When you do come to class, it won’t be the same as your senior-year seminars. You’ll encounter more challenging readings. Many professors use graduate courses to both run through established, canonical texts, and to catch up on the newest scholarship in the field. So get ready for some easy readings, some articles that will make you want to throw things, and some texts that will prompt you to question why you were asked to go through them at all. As you read, remember that graduate school should transform you into a good scholar and colleague. It’s OK to be critical of a book, but you need to learn how to be critical in a constructive, respectful way. (Keep in mind: The professor might be friends with the author.)

Our teaching style might also surprise you. If it does, it’s because we are thinking of you as colleagues-in-the-making, rather than students. That means: Expect less guidance on what to make of the readings, and minimal stretches of time when we seem to feed you information. Don’t count on being told whether your comments on the reading are on track or not — you may even find that you’re expected to lead discussion and to tell fellow students whether their assessments of the reading seem convincing.

Perhaps the most significant change is that you and your fellow students’ contributions are expected to fill almost the entirety of the seminar time. You are our peers-in-training, and we expect to hear you speak more than we do during these meetings. Don’t use class time to try to have an extended conversation featuring just you and the professor. Think of seminar as a conversation between you and the other students, with the professor there to moderate discussion.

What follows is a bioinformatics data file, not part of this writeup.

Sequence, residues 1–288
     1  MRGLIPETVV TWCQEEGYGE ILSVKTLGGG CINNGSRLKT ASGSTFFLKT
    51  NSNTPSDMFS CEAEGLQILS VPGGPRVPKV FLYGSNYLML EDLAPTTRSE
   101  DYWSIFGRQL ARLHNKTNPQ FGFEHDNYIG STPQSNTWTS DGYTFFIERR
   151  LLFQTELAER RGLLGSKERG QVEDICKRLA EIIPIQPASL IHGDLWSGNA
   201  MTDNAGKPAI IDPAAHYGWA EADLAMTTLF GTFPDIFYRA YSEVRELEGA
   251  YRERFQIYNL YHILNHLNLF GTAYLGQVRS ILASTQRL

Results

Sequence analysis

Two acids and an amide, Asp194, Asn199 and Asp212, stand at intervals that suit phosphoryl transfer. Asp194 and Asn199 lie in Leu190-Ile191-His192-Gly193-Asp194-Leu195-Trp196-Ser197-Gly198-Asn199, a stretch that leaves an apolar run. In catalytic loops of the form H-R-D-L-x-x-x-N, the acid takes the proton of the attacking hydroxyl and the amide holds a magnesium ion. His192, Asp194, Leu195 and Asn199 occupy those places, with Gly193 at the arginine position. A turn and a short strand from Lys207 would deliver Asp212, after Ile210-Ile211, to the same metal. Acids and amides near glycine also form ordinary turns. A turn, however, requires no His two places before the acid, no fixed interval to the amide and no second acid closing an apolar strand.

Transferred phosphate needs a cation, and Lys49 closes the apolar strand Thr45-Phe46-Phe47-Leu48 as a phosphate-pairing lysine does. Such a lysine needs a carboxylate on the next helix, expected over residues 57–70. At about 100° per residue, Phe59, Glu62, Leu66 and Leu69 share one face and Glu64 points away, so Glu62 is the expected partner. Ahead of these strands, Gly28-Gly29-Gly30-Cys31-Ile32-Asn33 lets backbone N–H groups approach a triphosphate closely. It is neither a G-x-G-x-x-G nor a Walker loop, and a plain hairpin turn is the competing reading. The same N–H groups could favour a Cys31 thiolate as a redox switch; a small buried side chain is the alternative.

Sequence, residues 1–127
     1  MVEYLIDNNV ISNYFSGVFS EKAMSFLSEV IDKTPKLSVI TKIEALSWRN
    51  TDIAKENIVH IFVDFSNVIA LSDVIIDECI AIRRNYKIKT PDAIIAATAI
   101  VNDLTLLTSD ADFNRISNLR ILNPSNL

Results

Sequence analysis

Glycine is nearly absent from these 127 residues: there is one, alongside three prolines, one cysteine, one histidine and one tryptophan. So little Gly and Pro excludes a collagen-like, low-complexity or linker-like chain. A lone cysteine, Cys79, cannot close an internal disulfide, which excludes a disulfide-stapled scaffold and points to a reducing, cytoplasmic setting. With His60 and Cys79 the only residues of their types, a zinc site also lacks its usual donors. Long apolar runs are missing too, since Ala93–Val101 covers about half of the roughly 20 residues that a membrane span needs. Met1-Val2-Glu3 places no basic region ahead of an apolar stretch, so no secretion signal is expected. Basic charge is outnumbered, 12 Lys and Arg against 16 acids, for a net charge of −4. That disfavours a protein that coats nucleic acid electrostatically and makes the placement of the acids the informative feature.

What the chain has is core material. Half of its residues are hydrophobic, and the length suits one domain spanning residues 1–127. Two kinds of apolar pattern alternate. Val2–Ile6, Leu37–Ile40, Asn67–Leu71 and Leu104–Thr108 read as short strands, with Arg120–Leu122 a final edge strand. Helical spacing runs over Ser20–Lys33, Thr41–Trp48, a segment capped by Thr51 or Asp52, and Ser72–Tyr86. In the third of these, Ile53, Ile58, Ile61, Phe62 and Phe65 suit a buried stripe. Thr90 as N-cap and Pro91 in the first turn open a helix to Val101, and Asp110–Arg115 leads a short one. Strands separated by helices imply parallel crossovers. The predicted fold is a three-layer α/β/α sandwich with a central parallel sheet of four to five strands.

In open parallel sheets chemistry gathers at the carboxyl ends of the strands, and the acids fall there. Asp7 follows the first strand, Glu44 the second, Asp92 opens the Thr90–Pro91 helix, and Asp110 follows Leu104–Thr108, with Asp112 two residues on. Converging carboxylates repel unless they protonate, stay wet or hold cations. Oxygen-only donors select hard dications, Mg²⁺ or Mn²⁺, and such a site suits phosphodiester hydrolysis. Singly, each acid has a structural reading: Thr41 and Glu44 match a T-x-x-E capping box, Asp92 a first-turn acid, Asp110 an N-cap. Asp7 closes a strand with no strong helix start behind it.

Is there someone in class who always seems to have grasped the author’s argument and the book’s significance? You should be picking up tips for strategic reading from them, rather than wondering why no one else besides you had a problem with the footnote on page 394. And while we’re at it, learn to skim (and no, Past Me, "skimming" does not mean putting the book on your lap and turning the pages faster than usual), and become best friends with book reviews.

You should be getting the sense that graduate school — starting with the master’s — is about strategic study. Spend the most time with the texts and sources that interest you. But be smart about how what you’re reading will help you write your M.A. thesis, how it will help you study for comprehensive exams, or how it will aid you as you conceptualize the dissertation (if you plan to go that far).